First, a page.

Talking climate in Bonn

Paul Allen has just arrived in Bonn to take CAT’s message to the UN climate change talks. Here he tells us why he’s there and what he hopes the talks will achieve.

From 6th to 17th November, many thousands of delegates, researchers and climate justice activists from across the globe will gather in Bonn for the 23rd UN Climate Change Conference (COP23). Whilst the logistics of the conference are being handled by Germany, the presidency of COP23 is officially held by Fiji, an island state whose very existence is threatened by climate change.

One thing is increasingly clear: the window of opportunity to limit global warming to 1.5 degrees is closing fast. Restricting the increase in temperature is the key to humanity having a better chance of preventing runaway climate chaos. We are already witnessing an increase in extreme weather events in many countries across the globe. While those of us in the Global North may be able to adapt, people in the Global South often do not have the same resources available. The consequences are gravest where the people are the least to blame for climate change – so it’s good that Fiji has the chair.

Fiji clearly understands that to deliver progress on the pressing schedules of the Paris Climate Agreement there is a need to build a global ‘Grand Coalition’ of action between all levels of government, business and civil society. At a two-day pre-COP meeting, the President and Prime Minister of Fiji told delegates: “Nations cannot protect themselves individually without all the parties to the Paris Agreement doing what they have already agreed to do and more.”

The Paris Agreement represents a turning point in international cooperation to combat climate change. But delivering on Paris will require a drastic reduction of global carbon emissions through a rapid end of coal, oil and gas, as well as financial support to the affected countries and the rapid transfer of cutting-edge technologies to promote the worldwide transition to renewable energy.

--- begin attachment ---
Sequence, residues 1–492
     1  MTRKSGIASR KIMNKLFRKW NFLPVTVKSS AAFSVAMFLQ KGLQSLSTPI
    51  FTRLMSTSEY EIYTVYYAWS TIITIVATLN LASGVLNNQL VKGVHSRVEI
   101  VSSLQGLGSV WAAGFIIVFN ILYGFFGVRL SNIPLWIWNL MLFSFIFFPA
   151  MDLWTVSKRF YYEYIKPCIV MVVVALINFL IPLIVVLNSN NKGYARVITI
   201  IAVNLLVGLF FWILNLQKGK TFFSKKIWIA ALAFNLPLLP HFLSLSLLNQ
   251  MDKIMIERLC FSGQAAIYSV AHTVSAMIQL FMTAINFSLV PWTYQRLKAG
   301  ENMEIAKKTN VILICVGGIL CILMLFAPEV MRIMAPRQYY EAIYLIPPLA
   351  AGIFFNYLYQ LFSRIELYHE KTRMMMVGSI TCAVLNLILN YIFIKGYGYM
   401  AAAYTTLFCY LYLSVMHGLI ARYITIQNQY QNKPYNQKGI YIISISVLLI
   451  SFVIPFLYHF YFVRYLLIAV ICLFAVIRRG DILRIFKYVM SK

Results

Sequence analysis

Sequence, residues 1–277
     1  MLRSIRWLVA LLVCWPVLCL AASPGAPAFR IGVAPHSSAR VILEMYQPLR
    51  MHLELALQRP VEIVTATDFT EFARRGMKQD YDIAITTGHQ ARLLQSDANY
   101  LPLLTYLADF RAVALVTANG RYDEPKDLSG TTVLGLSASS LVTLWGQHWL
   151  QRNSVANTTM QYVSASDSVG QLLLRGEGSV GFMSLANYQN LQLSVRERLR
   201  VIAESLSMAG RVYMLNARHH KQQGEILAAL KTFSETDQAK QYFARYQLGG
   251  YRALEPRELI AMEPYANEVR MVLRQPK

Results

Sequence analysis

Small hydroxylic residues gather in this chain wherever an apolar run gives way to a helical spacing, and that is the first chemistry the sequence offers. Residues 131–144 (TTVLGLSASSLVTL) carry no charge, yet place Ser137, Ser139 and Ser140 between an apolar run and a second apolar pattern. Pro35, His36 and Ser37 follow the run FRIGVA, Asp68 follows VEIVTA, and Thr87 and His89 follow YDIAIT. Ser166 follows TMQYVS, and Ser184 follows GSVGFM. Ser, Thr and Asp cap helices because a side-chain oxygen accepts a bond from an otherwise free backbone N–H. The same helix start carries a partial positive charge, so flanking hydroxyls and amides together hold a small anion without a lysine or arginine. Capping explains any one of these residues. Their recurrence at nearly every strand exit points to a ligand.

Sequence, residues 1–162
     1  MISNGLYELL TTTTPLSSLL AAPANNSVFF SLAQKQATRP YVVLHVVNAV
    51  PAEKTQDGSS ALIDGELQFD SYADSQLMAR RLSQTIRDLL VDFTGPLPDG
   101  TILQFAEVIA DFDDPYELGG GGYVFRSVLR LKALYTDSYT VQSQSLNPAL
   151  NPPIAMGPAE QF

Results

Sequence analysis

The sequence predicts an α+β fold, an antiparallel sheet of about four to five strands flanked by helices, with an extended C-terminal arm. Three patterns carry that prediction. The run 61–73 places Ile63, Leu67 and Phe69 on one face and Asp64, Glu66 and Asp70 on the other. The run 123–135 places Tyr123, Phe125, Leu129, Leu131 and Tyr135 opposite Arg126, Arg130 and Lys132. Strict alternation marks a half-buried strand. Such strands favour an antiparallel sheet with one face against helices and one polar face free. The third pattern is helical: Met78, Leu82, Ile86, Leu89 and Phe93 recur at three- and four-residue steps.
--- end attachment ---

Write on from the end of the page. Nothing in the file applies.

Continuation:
The good news is that the costs of clean technology solutions are falling faster than expected, the scale of implementation is increasing, and over the past three years global emissions have levelled off – in many ways, the trend is our friend. But if global warming is to be limited to between 1.5C and 2C, global emissions must peak before 2020 and then begin a rapid decline towards zero. The Paris Agreement’s ‘ambition mechanism’ commits countries to come together every five years to take stock of progress towards longer-term goals and to ramp up commitments. The first of these begins in 2018, so this year’s COP23 will be vital in laying the groundwork.

I will be presenting our Zero Carbon Britain work at a range of official side-events around the negotiations. Demonstrating that we have the tools and technology to deliver on the Paris Agreement empowers people to increase their ambition, whilst giving hesitant decision makers no excuse for inaction. The Zero Carbon Britain project offers the hard data and confidence required for delivering a zero carbon future, from modelling energy supply and demand to exploring ways to overcome the social and political barriers to change.

I have been booked to present at three official COP23 side-events, including an event in the UK Government pavilion. In addition, CAT is joining the Global EcoVillage Network and a range of other solutions-focused practitioners to run an official COP23 conference event titled ‘Achieving the Paris Agreement: A Symposium on the Power of Community-led Action for Carbon Drawdown’ on Saturday 11th November, midway between the two weeks of negotiation.

It is good to remember that it will not only be governments that will be active in delivering on the Paris Agreement; tens of thousands of people from cities, states, companies and civil society organisations are already taking action by delivering real life projects on the ground. Many will be at COP23, but many will also be active in their own local area, running events celebrating local solutions and linking them to the global process.

You can explore the official UNFCCC process here.

The Climate Action Network offers a guide to the COP process.

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